Monday, February 22, 2010

Speed Geeking at Research Week

Research Week is packed with exciting events where students will showcase their science communication skills and research. It highlights all the research activities at the graduate and faculty level that are going on at Laurentian University. Wednesday and Thursday will have a graduate student symposium with talks and posters from students.

I can't wait for "Lightning talks" or "Speed geeking" on Thursday. Students will have to sum up their research in 1 minute to a crowd of people. Like most science people I used to ramble on about what I researched, so having to do it in only a minute will be a challenge.

The public is invited to all the events, so if you are in the Sudbury area, come on out!

Thursday, February 18, 2010

Science communication in a nutshell


Science communication in a nutshell. Adapted from Mulder et al. 2008.

Science communication can sometimes be a hard field to define, simply because it is a combination of many other disciplines. You need to know the science to communicate it, the context of the science and issues, how to communicate it to a variety of audiences through various media and the ability to evaluate whether it was effective. I found a diagram in Mulder et al. 2008 which I've adapted for this post. It is a great representation of what science communication is all about.

In the SciComm program, you come with a good background in science (top left circle of the diagram). You understand it and how it works and have an appreciation for it. In the program, they teach you how to do the rest.

All of our courses fit snuggly into the diagram. With Educational Studies (top right circle) we have the courses: Learning - Theories and Practice, and Research Methods in Science Communication.

In Social Studies of Science (bottom left circle), we have the course: Audiences and Issues, and a plethora of guest lectures from people in the field.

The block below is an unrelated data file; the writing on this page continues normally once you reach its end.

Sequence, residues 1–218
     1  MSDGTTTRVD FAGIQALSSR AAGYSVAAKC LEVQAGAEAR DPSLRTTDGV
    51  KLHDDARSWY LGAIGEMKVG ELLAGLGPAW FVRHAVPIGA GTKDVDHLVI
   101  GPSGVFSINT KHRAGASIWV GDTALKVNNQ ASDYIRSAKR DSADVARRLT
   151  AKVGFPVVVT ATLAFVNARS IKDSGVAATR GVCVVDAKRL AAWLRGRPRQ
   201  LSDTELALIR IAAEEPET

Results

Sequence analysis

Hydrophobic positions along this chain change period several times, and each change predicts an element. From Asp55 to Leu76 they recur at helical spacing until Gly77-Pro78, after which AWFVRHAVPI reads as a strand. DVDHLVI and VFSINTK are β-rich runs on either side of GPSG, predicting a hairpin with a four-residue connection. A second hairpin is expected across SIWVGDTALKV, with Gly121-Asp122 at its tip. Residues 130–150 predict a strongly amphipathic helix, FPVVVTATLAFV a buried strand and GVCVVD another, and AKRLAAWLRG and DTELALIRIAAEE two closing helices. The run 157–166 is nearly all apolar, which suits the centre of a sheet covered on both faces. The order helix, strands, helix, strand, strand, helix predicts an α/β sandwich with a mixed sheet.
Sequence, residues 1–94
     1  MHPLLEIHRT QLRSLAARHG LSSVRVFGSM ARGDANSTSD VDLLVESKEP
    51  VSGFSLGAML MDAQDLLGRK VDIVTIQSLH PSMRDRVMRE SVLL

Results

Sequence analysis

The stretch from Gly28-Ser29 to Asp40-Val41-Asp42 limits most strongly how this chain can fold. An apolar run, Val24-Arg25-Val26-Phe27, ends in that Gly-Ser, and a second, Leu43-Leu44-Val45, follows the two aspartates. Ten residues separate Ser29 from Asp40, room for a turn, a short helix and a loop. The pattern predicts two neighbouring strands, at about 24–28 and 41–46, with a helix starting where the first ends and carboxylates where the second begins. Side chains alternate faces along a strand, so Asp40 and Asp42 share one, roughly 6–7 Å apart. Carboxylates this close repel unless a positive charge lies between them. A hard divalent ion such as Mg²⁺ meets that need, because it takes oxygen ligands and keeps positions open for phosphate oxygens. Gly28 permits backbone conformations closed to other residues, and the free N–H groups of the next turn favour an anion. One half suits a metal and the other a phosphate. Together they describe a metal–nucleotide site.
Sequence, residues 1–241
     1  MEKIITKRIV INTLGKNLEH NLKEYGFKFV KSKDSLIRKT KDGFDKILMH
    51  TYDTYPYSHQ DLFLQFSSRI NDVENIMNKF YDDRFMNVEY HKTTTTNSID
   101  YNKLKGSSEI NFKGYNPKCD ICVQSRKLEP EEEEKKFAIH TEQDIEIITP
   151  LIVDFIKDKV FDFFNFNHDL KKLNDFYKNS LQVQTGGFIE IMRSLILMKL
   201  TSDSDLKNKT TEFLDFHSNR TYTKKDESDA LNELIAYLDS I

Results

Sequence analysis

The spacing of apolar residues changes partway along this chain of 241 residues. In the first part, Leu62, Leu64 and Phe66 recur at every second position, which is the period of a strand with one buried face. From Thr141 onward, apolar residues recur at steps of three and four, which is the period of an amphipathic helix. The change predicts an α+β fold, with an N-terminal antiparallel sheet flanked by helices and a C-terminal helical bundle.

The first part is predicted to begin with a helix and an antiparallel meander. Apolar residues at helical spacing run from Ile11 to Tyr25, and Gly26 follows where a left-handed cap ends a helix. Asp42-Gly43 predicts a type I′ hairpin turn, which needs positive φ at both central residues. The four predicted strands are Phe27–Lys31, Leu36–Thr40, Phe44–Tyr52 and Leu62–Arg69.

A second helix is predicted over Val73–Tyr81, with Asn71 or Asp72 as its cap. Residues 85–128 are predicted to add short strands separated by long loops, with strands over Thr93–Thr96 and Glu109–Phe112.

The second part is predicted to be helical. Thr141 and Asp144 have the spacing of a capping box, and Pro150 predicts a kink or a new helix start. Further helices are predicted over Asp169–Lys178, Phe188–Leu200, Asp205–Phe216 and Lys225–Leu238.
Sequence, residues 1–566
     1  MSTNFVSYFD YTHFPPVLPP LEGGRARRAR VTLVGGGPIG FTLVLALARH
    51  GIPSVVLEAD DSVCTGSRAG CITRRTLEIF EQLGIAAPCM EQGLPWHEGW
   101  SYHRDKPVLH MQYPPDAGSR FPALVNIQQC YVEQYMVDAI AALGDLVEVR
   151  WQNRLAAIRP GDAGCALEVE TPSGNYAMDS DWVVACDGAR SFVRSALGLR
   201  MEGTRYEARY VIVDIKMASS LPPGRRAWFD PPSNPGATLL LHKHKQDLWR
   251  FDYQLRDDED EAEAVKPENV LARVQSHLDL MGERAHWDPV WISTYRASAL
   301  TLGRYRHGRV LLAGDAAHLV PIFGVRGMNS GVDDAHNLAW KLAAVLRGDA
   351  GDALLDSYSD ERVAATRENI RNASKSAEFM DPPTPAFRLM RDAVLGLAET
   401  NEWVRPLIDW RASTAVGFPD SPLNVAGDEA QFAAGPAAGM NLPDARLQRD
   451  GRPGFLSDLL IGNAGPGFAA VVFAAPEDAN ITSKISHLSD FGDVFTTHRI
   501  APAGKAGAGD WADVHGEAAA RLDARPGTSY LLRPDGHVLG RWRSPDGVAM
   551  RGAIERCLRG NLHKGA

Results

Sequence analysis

Communication Studies (bottom right circle) is covered by the courses: Theories and Principles of Science Communication, Design Theory in Science Communication, Science Communication Practice, Communicating through Exhibits, Live Programing, Mass Media and Information Technology.

Finally, our Research Project in Science Communication and our internship uses combination of everything in the diagram.

Science communication is a diverse field, but it is that breadth that allows you to work almost anywhere.

Reference
Mulder, H.A.J., Longnecker, N., and Davis, L.S. 2008. The state of science communication programs at universities around the world. Science Communication. 30:277-287.

Wednesday, February 17, 2010

UNB Information Session

If you are in the Fredericton, NB area, drop by the UNB campus to hear my talk on the Science Communication program!

The information session will be on Wednesday, Feburary 17 at 3pm. It will be in room 27, Bailey Hall (Biology) at Fredericton Campus. When you walk in the main doors of the Bailey Building you turn left and it is right next to the main office.

Hope to see you there!

Deadline for applications for the 2010-2011 year are due on March 30, 2010! Visit the website (http://www.sciencecommunication.ca) for more information.

Wednesday, February 3, 2010

Public Engagement with Theoretical Physics


If you talked to me about communicating theoretical physics to the general public a month ago, I probably would have run in the opposite direction screaming. Physics is just one of those things that seem really hard to communicate. Compared to chemistry or biology, theoretical physics has a lot of abstract concepts that makes it difficult to relate to your Joe Public on the street. It doesn't help that physics was just one of those subjects I never terribly cared for. (Not that I don't have an appreciation for physics and physicists mind you.)

Today however, changed everything. Today we visited the Perimeter Institute for Theoretical Physics in Waterloo, ON. Their mandate is to conduct research and educational outreach, two goals at which the definitely excel. These guys have an impressive set of outreach programs designed to reach teachers, students and the general public. From cartoons (Alice and Bob in Wonderland) to summer camps aimed at top high school students and teacher resources, the outreach and communications department has certainly outdone themselves. They also hold public lectures every month related to the field of physics in which a few hundred local people attend. Talk about public engagement of science!


Waiting for a lecture to start at the Perimeter Institute.

I especially like their page on "Meet the scientist". One of the big things about a scientists' image is that they are expected to be the best of the best students in school and followed the straight and narrow path towards science. That is certainly not true as there are many paths to science. These short 5 minute videos show the human side of scientists which brings them a bit closer to the public.

Perimeter Institute deserves top marks for their breadth and depth of outreach on such a seemingly difficult topic. Visit their site and take advantage of their great materials.

Well.. this is day one of our field trip. If anyone from the Perimeter Institute reads this... Thanks for the great hospitality! Now I need to get a good nights sleep for our trip to Daily Planet and the Ontario Science Centre tomorrow. The adventure continues....